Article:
Other actors are really good too, but the thing about the first half is that it has so much story but it feels like it goes in fits and starts. At times it's very compelling, and at other times the director, Kashyap, is indulging so much in the over-abundance of what he can do with the camera and editing (sometimes it's fun with the long takes, other times with slow-motion not so much). I kept wondering where this story would really not so much finally hit lift off, but go into something a little more compelling than the basic ethos: violence begets violence. Ok, we get it, what else is there? How about some extra stakes or exploring what else the city of Waseypur or the surrounding areas have to offer?
It surprised me that it actually was the second half of the 'film', and this is after Sardar gets gunned down and the sons have to take control of this piece that the Khans have carved out, that it starts to get intriguing and messier in a good way. What happens when, as the times are changing into the 90's and 00's, that other gangs, simple start-ups that don't have much to do with the Khans or the "Sultan" or Ramadhir and just want to be bad mothereffers? Or what about politics and the police? How does an election work in this society if people can just vote and pose in burkas? We also get to see what happens with the younger siblings of Faizal, who, without a real father but the sort of "dreams" and aspirations of being in the gangster-dom of this low-down Indian world, step up and try to be badasses, to greater or lessor extents.
I actually expected from the way the second half was going to like the film more than I ultimately did. I think that it was the last 40 minutes or so, following the fate of the Sultan, that things started to dip back down for me, as the narration got to be too much (which up till then was sporadic and alright in that pseudo-City-of-God-Scorsese sense) and the director went SO into over-drive with the violence - yes, even compared to before, and it gets pretty bloody and unapologetic about it, which is refreshing in its way - and more in some sleazy, Troy Duffy kind of presentation. It's one thing to try and show the realities (or close to it) of the criminal underworld of this world of Wasseypur, and another to just become all about how many times someone can be plugged full of bullets in slow-motion set to a wild-and-crazy soundtrack.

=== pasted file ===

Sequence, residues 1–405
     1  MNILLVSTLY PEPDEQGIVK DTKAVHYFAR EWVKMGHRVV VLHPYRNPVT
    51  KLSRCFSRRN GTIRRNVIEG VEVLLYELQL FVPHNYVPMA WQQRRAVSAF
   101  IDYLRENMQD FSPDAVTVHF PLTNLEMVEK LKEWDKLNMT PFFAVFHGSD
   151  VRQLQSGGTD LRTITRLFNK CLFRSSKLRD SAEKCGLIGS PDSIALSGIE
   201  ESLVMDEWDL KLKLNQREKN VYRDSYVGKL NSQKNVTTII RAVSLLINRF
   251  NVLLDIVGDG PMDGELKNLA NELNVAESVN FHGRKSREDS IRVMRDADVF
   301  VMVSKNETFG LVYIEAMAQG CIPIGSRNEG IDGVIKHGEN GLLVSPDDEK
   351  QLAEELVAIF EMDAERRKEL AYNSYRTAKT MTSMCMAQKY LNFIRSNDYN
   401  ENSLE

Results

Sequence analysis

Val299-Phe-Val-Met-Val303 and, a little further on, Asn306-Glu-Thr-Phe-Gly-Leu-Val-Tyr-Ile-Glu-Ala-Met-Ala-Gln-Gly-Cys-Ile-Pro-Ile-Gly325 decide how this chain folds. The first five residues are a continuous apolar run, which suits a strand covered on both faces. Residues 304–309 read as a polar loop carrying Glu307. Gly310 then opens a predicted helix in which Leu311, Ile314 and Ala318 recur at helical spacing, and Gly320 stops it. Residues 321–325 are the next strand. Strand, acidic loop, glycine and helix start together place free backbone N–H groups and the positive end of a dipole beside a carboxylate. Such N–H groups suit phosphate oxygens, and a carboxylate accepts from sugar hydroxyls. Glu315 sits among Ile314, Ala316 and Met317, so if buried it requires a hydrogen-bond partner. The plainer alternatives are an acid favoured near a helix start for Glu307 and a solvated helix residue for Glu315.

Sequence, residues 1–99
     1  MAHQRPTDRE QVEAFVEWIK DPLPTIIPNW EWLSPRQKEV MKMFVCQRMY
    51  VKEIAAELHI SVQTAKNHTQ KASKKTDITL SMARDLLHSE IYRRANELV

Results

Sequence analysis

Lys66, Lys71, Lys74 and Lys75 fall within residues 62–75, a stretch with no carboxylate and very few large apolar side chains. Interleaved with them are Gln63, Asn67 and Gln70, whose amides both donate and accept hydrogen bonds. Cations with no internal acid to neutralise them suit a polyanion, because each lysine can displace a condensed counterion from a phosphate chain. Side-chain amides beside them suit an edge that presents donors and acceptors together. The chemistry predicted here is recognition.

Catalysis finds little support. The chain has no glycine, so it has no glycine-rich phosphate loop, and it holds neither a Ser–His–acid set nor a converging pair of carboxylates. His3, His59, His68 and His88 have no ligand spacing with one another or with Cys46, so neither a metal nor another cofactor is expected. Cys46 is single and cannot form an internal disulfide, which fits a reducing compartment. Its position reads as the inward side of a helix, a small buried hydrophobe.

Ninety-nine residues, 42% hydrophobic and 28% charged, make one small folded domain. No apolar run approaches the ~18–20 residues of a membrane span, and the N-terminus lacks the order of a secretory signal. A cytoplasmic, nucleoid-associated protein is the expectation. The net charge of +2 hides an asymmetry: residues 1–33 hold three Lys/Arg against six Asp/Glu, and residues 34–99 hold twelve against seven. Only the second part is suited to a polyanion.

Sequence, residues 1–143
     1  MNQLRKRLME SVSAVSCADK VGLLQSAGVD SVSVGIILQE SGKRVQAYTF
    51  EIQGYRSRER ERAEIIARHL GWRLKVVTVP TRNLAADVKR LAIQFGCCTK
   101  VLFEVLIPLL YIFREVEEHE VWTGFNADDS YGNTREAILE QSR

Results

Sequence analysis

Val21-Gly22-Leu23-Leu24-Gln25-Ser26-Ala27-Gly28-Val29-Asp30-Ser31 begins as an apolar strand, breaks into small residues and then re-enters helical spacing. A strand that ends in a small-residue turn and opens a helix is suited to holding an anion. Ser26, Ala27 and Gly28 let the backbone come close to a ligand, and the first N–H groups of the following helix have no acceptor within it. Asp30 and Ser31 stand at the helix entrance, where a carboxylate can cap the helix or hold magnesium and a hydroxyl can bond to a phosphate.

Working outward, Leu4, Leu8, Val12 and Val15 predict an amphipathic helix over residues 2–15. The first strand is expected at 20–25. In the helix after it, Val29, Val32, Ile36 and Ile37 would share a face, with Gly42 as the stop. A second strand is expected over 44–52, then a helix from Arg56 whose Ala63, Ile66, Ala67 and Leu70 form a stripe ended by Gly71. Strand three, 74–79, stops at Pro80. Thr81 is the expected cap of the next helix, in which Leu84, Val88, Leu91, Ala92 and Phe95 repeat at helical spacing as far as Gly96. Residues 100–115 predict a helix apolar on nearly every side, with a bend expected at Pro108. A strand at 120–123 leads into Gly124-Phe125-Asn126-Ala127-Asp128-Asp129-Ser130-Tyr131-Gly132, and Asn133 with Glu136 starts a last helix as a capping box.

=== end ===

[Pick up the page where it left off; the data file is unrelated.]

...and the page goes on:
But for the misgivings I have about the climax, it's still worth seeking out and I wasn't sure going in quite what to expect; Bollywood is often slapped with a certain type, and I've seen a few other movies that conform to the expectation of over-long (which this may be) and convoluted storytelling with a myriad of characters and a metric-ton of musical numbers. I think the director is more after something closer to what one might see in the Hollywood system of action thrillers, but there is still room and space for wall-to-wall soundtracking and a kind of halfway meeting of a musical as people sometimes sing (or, uh, lip-sync I guess) to songs there, but organically tied to the drama, so it's different in that way.